Thursday, October 28, 2010

The Young Wife: The Sorrowful Tale of Nancy Shippen, Part 3

The Shippen family had much to celebrate on New Year's Day in 1782. In the 18th century, New Year's Day was celebrated with social events, dancing, dinners, and gifts, often overshadowing the smaller, more religious holiday of Christmas (quite the reverse of today).

Their only daughter Nancy could not take part in these social events. Having successfully managed the frightening ordeal of childbirth, she was still in bed "lying-in.". For a period ranging between a week and as much as a month, Nancy would have rested in bed, accepting visits from well-wishers (hopefully bearing gifts!) and friends as she regained her strength and got to know her "little stranger," as babies were often reffered to in the 18th century. (for more images of motherhood, like the Gilbert Stuart portrait of Mrs. Griffin Gatliff & daughter at right, visit here).


Motherhood in the late 18th century had changed a bit for aristocratic women, and Nancy expected to build a close personal relationship with her daughter. Baby Peggy quickly became "sweet Peggy," the "Darling Baby," and the "Angel child." The practice of nursing children (instead of having a wet nurse) had also become popular again for wealthy women in Nancy's mother's generation, and enlightment practices lead to viewing children more and more as little people in need of individual attention instead of little savages needing stearn discipline. Nancy spoke with tenderness of her relationship with Peggy. She describes "caressing" her, dressing her (instead of letting the nursemaid do it), nursing her through illnesses, and interupting her own activities to respond to the girl's cries.

Nancy was glad to be back home in Philadelphia after her six-month stint as a new wife at Clermont. She was close with both her mother and father, and she found that she needed them all the more now that she was a wife. Her marriage to Henry Beekman Livingston was proving to be more difficult than expected.

She was now aware of his rages and his controling demeanor. Soon, her mother-in-law informed her of Henry's sizable brood of bastard children (some of mixed race, a touchy issue in the 18th century). But conventions of the 18th century made her believe it was her own responsibility to earn her husband's faithfulness. In her own words, all a woman could do was:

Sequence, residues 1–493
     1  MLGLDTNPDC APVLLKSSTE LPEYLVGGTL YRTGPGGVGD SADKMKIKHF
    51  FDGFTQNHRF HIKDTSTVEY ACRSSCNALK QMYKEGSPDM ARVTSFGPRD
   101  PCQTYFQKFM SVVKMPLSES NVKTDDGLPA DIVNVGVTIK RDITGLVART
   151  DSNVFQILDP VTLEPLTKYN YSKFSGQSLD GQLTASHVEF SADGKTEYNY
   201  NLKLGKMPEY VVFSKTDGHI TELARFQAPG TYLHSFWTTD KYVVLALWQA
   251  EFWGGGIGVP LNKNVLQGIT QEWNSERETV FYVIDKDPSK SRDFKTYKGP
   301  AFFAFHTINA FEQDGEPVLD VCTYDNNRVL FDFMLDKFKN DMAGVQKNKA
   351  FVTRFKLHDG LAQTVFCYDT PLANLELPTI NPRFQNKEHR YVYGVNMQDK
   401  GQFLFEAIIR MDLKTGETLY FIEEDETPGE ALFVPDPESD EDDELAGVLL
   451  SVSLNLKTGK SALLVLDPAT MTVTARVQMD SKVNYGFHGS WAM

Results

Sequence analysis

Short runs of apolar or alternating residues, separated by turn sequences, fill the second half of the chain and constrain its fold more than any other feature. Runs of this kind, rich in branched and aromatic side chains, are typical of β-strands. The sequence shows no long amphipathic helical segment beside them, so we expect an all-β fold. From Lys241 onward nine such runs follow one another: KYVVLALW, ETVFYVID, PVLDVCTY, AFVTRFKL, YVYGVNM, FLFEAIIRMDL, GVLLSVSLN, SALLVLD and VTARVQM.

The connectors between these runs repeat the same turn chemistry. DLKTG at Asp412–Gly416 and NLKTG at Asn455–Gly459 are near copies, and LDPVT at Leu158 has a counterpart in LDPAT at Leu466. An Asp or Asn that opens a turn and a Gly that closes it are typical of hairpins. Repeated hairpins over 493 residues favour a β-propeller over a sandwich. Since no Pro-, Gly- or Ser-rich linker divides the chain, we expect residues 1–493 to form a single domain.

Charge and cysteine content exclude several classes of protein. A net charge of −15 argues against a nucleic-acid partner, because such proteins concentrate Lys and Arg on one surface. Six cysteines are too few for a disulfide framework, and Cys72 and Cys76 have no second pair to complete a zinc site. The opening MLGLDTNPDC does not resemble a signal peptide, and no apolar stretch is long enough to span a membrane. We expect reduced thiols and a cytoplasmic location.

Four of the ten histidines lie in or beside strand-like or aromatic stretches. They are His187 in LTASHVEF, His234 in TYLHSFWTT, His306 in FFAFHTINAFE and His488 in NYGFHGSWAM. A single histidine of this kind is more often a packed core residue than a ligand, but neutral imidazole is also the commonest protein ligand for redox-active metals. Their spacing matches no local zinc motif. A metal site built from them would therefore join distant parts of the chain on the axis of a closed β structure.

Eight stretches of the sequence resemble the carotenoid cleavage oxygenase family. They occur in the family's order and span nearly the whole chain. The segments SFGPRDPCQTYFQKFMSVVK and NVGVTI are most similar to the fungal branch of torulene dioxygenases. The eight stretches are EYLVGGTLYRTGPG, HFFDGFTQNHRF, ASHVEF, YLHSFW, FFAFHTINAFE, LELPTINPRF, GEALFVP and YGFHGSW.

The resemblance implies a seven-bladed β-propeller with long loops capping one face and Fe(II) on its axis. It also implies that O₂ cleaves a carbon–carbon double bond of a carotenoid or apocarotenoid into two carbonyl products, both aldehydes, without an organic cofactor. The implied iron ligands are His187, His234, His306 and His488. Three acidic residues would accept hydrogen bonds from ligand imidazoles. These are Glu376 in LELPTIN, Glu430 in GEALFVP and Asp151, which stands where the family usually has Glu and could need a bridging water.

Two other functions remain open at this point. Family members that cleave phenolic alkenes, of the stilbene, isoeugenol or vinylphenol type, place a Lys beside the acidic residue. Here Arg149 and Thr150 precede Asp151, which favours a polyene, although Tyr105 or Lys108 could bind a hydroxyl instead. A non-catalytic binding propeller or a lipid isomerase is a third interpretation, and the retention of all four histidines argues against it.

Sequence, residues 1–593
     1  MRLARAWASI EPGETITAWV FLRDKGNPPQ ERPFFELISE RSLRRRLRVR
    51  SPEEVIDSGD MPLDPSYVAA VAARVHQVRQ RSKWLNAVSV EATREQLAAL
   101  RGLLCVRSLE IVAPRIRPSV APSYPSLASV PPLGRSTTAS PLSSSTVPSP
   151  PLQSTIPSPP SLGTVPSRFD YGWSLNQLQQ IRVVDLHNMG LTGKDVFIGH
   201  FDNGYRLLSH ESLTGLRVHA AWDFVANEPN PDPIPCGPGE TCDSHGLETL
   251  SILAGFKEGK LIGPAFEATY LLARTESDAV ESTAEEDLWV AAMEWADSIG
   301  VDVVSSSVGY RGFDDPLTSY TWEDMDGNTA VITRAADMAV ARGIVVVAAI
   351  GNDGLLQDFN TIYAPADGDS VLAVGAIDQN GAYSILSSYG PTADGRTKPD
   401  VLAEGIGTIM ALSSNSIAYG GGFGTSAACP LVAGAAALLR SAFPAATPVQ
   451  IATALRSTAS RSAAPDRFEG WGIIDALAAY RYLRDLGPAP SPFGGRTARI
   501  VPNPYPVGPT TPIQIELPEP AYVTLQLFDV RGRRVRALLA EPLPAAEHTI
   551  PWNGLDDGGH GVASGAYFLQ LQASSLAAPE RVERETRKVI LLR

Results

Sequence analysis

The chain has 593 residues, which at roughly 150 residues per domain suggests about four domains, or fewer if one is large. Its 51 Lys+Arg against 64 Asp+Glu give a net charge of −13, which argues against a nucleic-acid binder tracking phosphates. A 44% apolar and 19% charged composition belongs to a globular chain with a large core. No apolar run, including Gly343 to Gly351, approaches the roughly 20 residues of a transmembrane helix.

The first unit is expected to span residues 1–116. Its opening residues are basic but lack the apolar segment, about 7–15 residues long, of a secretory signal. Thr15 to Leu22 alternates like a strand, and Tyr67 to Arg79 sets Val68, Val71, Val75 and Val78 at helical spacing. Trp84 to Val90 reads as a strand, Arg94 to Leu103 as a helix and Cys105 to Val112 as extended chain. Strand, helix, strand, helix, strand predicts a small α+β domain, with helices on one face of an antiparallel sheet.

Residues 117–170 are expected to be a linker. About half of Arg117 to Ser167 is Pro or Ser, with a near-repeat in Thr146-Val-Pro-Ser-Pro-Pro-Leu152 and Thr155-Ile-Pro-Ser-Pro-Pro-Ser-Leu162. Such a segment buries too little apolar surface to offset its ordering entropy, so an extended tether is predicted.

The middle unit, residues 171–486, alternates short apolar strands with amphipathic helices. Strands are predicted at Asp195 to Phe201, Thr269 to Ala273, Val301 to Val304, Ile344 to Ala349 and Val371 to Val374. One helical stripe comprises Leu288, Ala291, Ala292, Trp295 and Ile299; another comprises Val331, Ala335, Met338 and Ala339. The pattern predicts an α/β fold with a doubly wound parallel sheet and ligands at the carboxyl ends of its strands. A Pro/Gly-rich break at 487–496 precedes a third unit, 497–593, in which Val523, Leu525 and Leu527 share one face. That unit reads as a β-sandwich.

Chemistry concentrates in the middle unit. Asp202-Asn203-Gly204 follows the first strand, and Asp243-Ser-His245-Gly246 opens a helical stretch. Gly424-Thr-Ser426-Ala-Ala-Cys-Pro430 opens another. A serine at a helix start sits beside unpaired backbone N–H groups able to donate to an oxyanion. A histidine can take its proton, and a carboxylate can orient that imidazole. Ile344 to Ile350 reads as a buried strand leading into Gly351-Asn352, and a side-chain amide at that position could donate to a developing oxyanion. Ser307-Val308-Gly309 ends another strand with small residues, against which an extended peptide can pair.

"...do not hope to bring back a husband by complaints, ill humor, or reproaches. The only means which promise success, are patience & softness...In sacrificing your own will, pretend to no right over that of a husband..."

And so, like many other elite wives in similar situations, she decided to pack up and return with her daughter to Clermont. Perhaps she could still win him back. She was, after all, a pretty young woman who had just given him a child. And besides, if she did not return to him, she few legal rights. As her husband, he had all of the rights over their finances (and her parents were still feeling the wartime pinch themselves so their support may have been limited), and worse still he had legal right to custody of their child to the extent that he could even completely deny her access if he saw fit. If she did not return, she faced the risk of becoming a deserted charity case, living off friends and family and never seeing her child.
During this time back at Clermont, we lose the written record of Nancy's life. No letters between she and her family survive, and she had not yet begun the journal that is so descriptive later on down the road. We know that Nancy's relationship with the family matriarch Margaret Beekman Livingston strengthened, and she built closer bonds as well with the other nearby wives--particularly Janet Livingston Montgomery (the Chancellor's older sister, now a widow) and Mary Stevens Livingston (the Chancellor's wife who was also a transplant to the Hudson River Valley from New Jersey). She also turned to the packet of letters she had kept from her courtship with Louis Otto for comfort, though she did not yet re-open communication with her old beau. She was going to make the best of this situation.

Until she found out Henry's latest plan: to gather all of his children (legitimate Peggy alongside the other non-elite children) in one house and raise them together. Combined with the verbal and emotional abuse she probably suffered, it all became too much for her in the early spring of 1783. She packed up her one-year-old Peggy and fled back to Philadelphia to be with her parents.

Facing an uncertain future with possible social, financial, and personal ruin, it was at this time that she began to pour her feelings into her journal. This is the most vivid part of Nancy's life that we have recorded, and it begins with sad entry, showing her father's support and tardy recognition of the poor choice he had lead his daughter to:
April 10th--"After breakfast rode out with [my father]. Had a conversation about [Henry and Louis Otto]. His sentiments corresponding with mine made me extremely happ--wou'd to God it was a happiness that would last--but the die is cast--& my life must be miserable! [Father] sees the consequencies of my unhappy choice too late..."

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